Tlatoani
Moctezuma II and his predecessor Ahuitzotl the
Aztec Empire
grew to its largest extend. The transport structure of the capital Tenochtitlán was comprised of streets and canals. And with its special temples and marketplaces in particular, the city surely must have been breathtaking to live in.
1500
 
Portuguese claimed Brazil
The
Portuguese
Pedro Alvarez Cabral claimed 'The True Cross Island' when he made landfall near what is nowadays called Porto Seguro. His action was in a way the birth of Brazil.
1497
 
John Cabot claimed Newfoundland
Giovanni Caboto, an
Italian
at the time living in
England
, was commissioned by Henry VII to sail westwards to search for shorter trade routes.
1496
 
 
Santo Domingo founded
The northeastern coast of Cuba and the northern coast of Hispaniola (nowadays Haïti and the Dominican Republic) were already explored by Chr. Columbus on his first voyage. Despite the foundation of earlier settlements (La Navidad & La Isabella), the city of Santo Domingo, founded by Bartholomew Columbus, would become 'the gateway to the Carribean' for the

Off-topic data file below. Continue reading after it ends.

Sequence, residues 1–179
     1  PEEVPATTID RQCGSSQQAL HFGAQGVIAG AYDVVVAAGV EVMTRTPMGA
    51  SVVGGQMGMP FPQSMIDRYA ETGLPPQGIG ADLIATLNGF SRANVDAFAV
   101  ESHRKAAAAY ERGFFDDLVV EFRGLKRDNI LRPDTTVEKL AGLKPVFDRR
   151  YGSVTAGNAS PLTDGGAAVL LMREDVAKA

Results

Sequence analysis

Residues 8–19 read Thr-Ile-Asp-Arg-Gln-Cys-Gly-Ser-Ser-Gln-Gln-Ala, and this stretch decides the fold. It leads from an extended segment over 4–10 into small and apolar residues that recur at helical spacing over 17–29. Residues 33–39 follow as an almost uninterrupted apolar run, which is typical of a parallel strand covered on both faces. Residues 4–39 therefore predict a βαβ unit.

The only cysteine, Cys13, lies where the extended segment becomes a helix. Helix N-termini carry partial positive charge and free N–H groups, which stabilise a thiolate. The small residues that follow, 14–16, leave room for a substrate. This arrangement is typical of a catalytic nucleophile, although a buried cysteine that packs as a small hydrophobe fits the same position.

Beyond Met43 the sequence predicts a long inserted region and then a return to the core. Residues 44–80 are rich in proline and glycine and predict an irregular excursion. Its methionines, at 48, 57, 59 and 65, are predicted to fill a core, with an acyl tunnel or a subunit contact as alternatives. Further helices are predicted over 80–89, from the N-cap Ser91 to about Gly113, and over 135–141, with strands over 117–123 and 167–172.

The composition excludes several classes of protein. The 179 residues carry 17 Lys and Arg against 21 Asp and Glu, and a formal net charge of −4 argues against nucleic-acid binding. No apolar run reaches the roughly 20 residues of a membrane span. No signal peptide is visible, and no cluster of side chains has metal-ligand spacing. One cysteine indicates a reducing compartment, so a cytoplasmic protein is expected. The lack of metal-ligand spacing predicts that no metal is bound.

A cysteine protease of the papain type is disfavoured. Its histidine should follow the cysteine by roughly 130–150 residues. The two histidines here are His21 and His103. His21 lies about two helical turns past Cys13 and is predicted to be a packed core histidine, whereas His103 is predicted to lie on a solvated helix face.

Spanish.
The relation with the several different
Taino
tribes seemed to be doomy, though at peace.
1493 ;  11th  Sapa Inca  Huayna Capac
The Kingdom of Cuzco had grown into an
Inca Empire
during the period of rule by his father Topa
Inca
Yupanqui and his grandfather Pachacuti
Inca
Yupanqui (who established an impressive royal estate; the Machu Picchu). Though, it was however Huayna Capac who moreover continued their policy relentlessly; the
Inca Empire
was going to grow enormously and on its peak it stretched from Quito (Equador) to Santiago (Chili).
1493
 
Huayna Capac
The Kingdom of Cuzco had during the previous centuries grown into an
Inca Empire.
Though, it was however Huayna Capac who moreover continued his ancesters policy relentlessly; the
Inca Empire
was going to grow enormously and on its peak it stretched from Quito (Equador) to Santiago (Chili).
1492
 
 
Caribbean 'discovered'
The
Italian
Christopher Columbus, commissioned by the
Spanish
, sailed west to find a shortcut to Asia. Although the journey was not successful on that account, the landfall on Guanahani (which he named San Salvador) in the Bahamas, where a
Taino
tribe lived, is considered the 'discovery of the Americas'.
1
   Western   NORTH   AMERICA
2
   Eastern   NORTH   AMERICA
3
   MIDDLE   AMERICA
4
   SOUTH   AMERICA